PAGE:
Katya Bryskina: Liform—Living Megastructures

, Gallery

A close-up footage of mycelium structures on the fifth and the fifteenth days of growth respectively.

The Liform project by Katya Bryskina is an ongoing investigation and series of curated experiments which use mycelium to grow complex structures. The project brings together natural intelligence and the latest technologies to open up new possibilities in art and architecture.

Mycelium is the root-like fibrous vegetative part of fungus, mostly composed of chitin. Mycelium acts as a bonding agent that penetrates in fibers and closes gaps of woven structures with new patterns. Changing parameters—such as light, or reducing the amount of air—affects the growth of the mycelium structure, its growing speed, direction, and color.

Liform was on show at the Darwin Museum in Moscow as part of the Museum of False History exhibit through September 12, 2021.

The exhibit was curated by Higher School of Economics students as part of the Garage Museum of Contemporary Art’s master’s program in Practices of Contemporary Art and Curatorship.

Bryskina grows these multi-layered, dynamic “soft systems” using incubators, and by changing the growth variables. Bio fabrication incubators form and support artificial environments which stimulate the mycelium megastructure’s growth. These incubators unite analog craft techniques, modern technology, and living organisms. Thus, a set of novel symbiotic outcomes and structures are produced that could never occur naturally. Human and natural systems engage in an interspecies learning process, constantly pushing boundaries and adjusting to each other.

Liform: Living Megastructure on show at Orekhov Gallery, 2020

The project is presented in two distinct stages: the dark phase and the final phase. The dark phase is the active process of growth and formation. While the objects grow, they smell like a real forest. In the final phase, the organism is dried to stop its growth and to solidify its form.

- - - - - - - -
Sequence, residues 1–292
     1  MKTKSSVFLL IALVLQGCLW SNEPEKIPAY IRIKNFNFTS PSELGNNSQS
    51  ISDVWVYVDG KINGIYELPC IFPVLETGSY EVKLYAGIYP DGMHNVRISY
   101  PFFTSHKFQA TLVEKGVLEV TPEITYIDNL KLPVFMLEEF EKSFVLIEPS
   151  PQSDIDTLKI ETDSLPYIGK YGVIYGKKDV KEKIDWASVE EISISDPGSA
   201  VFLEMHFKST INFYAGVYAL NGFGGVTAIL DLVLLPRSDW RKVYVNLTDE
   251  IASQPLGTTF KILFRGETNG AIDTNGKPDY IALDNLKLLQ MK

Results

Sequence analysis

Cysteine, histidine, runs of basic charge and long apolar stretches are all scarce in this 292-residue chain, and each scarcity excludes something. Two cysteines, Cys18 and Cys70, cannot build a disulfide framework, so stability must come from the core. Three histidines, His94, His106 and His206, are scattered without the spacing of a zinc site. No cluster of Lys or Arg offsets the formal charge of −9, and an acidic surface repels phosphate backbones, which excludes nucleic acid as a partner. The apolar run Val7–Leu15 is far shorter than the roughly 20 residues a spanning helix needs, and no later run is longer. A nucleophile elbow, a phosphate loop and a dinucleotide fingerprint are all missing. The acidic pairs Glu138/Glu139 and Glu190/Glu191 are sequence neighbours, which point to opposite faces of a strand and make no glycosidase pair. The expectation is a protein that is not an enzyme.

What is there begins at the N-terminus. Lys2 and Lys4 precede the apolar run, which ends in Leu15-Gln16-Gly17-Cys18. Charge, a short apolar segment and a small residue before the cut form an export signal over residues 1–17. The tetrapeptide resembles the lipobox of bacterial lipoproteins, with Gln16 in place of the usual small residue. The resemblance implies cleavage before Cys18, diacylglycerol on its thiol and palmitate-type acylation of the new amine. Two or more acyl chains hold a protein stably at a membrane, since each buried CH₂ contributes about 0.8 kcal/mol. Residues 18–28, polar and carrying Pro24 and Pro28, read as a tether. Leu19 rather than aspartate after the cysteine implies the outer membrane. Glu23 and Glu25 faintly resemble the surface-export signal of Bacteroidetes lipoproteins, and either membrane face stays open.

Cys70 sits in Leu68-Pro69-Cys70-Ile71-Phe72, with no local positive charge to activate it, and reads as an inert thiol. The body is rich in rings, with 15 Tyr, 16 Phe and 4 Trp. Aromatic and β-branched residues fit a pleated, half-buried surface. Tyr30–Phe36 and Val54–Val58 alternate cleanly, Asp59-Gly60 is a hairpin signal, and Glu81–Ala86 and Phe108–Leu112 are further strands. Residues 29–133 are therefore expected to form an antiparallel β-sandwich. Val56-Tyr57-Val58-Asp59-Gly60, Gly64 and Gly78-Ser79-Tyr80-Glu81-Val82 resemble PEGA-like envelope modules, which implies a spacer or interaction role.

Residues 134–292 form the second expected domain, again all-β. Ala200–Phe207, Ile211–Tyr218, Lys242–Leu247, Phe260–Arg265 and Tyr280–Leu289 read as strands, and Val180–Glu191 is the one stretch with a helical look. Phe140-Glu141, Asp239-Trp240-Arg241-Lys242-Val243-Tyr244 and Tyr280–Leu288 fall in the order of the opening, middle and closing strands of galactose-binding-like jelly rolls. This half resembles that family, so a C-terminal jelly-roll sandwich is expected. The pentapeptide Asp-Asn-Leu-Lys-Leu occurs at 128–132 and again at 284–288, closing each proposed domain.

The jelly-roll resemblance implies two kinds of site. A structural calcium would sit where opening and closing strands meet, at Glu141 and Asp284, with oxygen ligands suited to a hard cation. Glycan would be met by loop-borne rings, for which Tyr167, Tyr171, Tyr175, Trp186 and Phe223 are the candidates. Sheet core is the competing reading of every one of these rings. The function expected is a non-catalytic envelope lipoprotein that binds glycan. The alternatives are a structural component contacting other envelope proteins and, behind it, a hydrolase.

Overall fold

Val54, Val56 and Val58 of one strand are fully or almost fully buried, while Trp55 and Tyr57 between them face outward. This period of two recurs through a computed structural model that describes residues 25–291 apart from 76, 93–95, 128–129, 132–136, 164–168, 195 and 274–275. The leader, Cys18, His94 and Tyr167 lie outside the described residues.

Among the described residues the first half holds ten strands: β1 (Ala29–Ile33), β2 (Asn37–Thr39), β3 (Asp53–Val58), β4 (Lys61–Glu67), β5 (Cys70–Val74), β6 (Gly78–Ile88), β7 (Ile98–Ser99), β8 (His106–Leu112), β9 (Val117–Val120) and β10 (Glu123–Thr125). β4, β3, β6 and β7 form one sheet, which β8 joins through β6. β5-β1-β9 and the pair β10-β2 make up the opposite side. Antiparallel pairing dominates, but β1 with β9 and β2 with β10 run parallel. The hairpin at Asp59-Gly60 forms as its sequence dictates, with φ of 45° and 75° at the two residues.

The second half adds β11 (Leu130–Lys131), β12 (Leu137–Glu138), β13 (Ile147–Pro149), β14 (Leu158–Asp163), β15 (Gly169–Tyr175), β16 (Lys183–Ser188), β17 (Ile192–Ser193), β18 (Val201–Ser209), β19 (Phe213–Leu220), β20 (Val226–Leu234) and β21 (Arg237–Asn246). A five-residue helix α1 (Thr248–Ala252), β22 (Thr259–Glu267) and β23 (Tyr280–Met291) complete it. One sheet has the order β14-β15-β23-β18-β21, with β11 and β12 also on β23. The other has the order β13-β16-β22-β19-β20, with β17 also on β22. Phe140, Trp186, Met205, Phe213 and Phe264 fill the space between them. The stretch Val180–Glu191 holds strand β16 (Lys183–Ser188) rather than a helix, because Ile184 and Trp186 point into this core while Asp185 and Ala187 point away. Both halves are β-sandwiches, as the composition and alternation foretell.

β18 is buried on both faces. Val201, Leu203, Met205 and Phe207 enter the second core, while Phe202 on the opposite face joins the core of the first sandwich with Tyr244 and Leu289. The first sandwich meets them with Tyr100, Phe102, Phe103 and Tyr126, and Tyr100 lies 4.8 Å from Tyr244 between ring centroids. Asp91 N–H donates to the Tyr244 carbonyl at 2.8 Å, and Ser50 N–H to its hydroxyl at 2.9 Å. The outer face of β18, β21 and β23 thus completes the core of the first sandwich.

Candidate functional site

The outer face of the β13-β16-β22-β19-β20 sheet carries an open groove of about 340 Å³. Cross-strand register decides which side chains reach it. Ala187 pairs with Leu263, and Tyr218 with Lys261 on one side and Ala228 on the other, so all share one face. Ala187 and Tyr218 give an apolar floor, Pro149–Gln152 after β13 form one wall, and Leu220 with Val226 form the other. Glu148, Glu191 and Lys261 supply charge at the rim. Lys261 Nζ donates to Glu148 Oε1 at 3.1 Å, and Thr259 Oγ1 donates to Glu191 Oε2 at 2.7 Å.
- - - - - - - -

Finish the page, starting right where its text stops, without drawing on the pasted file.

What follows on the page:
The shift towards biocentrism requires searching for new possibilities for constructing living megastructures. Liform looks to create spaces balanced between the analog and the computational, the natural and the artificial, the human and the non-human.

Morphological Adaptation to Air, 2021. This set of experiments is focused on the organism’s ability to adapt to given conditions and create a functional system in the process. In the air, mycelium needs to act differently compared to the natural environment when it grows under the ground. It forces mycelium to create novel morphologies to get nutritions and water.

Digital growth experiment by Katya Bryskina.

Katya Bryskina

Katya Bryskina is an architect, artist, and computational designer. She combines digital fabrication and inspirations from biology to bring ecosystemic thought and aesthetics to the built environment. Katya co-founded the Intelligent Morphology in Architecture (IM-A) Studio, an interdisciplinary design studio that focuses on the intersection between biology, digital fabrication, and computational design. She holds a Master in Emergent Technology and Design from the Architectural Association School of Architecture (London, UK). She was a researcher at “The New Normal” think-tank at Strelka Institute (Moscow, RU) and was a resident at SPACE10, The Research and Design Lab (Copenhagen, DE). Katya became a NOVA ART Contest finalist (St.Petersburg).


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